I descended some stairs, and came to a tomb with a single coffin. A ghostly figure was guarding the coffin: a Death Wraith. I loosed a silver arrow at it, and struck it dead centre (by rolling under my Skill on two dice). Luckily, I had chosen the only weapon capable of harming the creature. The Death Wraith had a Stamina of 8, and I had ten arrows; I would have to hit it four times to kill it. (This combat is resolved as normal, except that you have to make a successful Skill check for every hit in addition to winning the Attack Round). The Death Wraith hit me twice (reducing my Stamina to 4) but I was eventually able to destroy it.
I exhausted after the battle, so I rested and ate. I also ate my Bomba Fruit, which doubled the healing value of my meal (restoring my Stamina to 8). After I finished eating, the ghost of Lord Shinva appeared to thank me for breaking his curse. He also told me a line of the spell: "One lock made out of Golem's hide". In addition, he gave me another clue, that he claimed would help me in the lands beyond Khare: "For sleeping of the sleepless ram, seek the one they call The Sham". It was rather cryptic, but help rarely comes in the form of straightforward answers when you're on a mythic quest.
I left the crypt and continued. A talking well tried to convince me to throw some gold into it, but I ignored it. Soon I could see the North Gate in the distance; I was near my goal, but I only had three lines of the spell.
As I was resting on an old stump, a blind beggar asked me for alms. I tossed him a gold piece (leaving me with 2), but a pair of Harpies swooped down to steal it from him. I decided to help the old beggar, and cast a DIM spell to confuse them (leaving me with 6 Stamina). I had to aim the spell, which required a successful Luck test (reducing my Luck to 10). I hit one of the Harpies, taking it out of the fight, and the beggar and I polished off the other one.
It turned out that the beggar was once the Seventh Noble of Khare, and he knew a line of the spell: "By Courga's grace and someone's pride". The old man's memory was failing, and he could no longer remember the name of the god of pride. He recommended that I visit Courga's temple, to ask the answer from the god's idol. He also gave me a silver ring that would protect me from serpents, marked with the number '130'.
The Shrine of Courga was close by, and I wasted no time in entering. I stepped up to his idol. A sign instructed supplicants to kiss the shape of a cross on the idol's face, finishing with the lips. I kissed it on the left eye, the right eye, the forehead and the lips. Though I was not of Courga's faith, the idol said that I could ask one question of it. I asked the name of the God of Pride, learning that it was Fourga.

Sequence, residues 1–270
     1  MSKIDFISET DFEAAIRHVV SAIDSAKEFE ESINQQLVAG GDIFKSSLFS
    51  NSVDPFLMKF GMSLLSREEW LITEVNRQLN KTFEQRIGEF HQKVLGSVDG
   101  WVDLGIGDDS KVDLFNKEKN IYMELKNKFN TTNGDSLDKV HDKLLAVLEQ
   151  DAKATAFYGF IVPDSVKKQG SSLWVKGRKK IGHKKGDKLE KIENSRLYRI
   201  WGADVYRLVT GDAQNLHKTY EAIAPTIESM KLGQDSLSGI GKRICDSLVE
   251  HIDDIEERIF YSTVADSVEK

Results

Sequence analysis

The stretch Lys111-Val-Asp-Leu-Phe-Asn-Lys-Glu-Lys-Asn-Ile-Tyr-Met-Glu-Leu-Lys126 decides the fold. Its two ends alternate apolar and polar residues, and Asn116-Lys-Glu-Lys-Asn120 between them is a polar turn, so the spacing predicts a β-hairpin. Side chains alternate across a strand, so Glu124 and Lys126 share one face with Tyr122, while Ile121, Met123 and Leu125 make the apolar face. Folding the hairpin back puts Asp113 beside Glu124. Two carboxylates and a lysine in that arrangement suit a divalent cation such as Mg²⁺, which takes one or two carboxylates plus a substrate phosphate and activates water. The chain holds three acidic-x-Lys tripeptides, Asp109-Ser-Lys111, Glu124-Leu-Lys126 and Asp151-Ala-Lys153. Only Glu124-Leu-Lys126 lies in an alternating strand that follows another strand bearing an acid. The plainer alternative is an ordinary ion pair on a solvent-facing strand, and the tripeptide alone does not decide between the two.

Now armed with all four lines of the spell, I made my way to the North Gate. I still had to get past the guards, however, and I had no gold to bribe them with. I would need to use a spell to get rid of them. None of the spells on offer seemed all that useful, but out of desperation I chose RAP (reducing my Stamina to 5). It seemed that this was the correct option; the spell allowed me to speak in their native Crolian tongue. Convinced that I hailed from Mauristatia, they were happy to allow me to approach the gate.
I recited the spell:
So tumblers two sealed deep inside,
one lock made out of Golem's hide.
By Courga's grace, and Fourga's pride,
I bid you portals, open wide!
Success! I had made it through, and the deadly traps of Khare lay behind me. Before me, however, were the deadly plains of the Baklands. My journey had been perilous, but had the feeling that things were about to get a whole lot worse.
Well, that was a bit of luck, wasn't it? I was right in my thoughts after my last failed attempt at this book: if I could guess Lortag's puzzle, I'd be fine. I did guess it (with a 1-in-3 chance), and now I'm ready to move in to The Seven Serpents. I have very few memories of this book, so I'll be mostly in the dark. Something about a witch, and a lake? That's seriously all I remember.
Next: You'll have to wait a little bit for me to tackle The Seven Serpents though. First I'll be looking at Warlock Magazine #2, and the second half of the revised version of The Warlock of Firetop Mountain.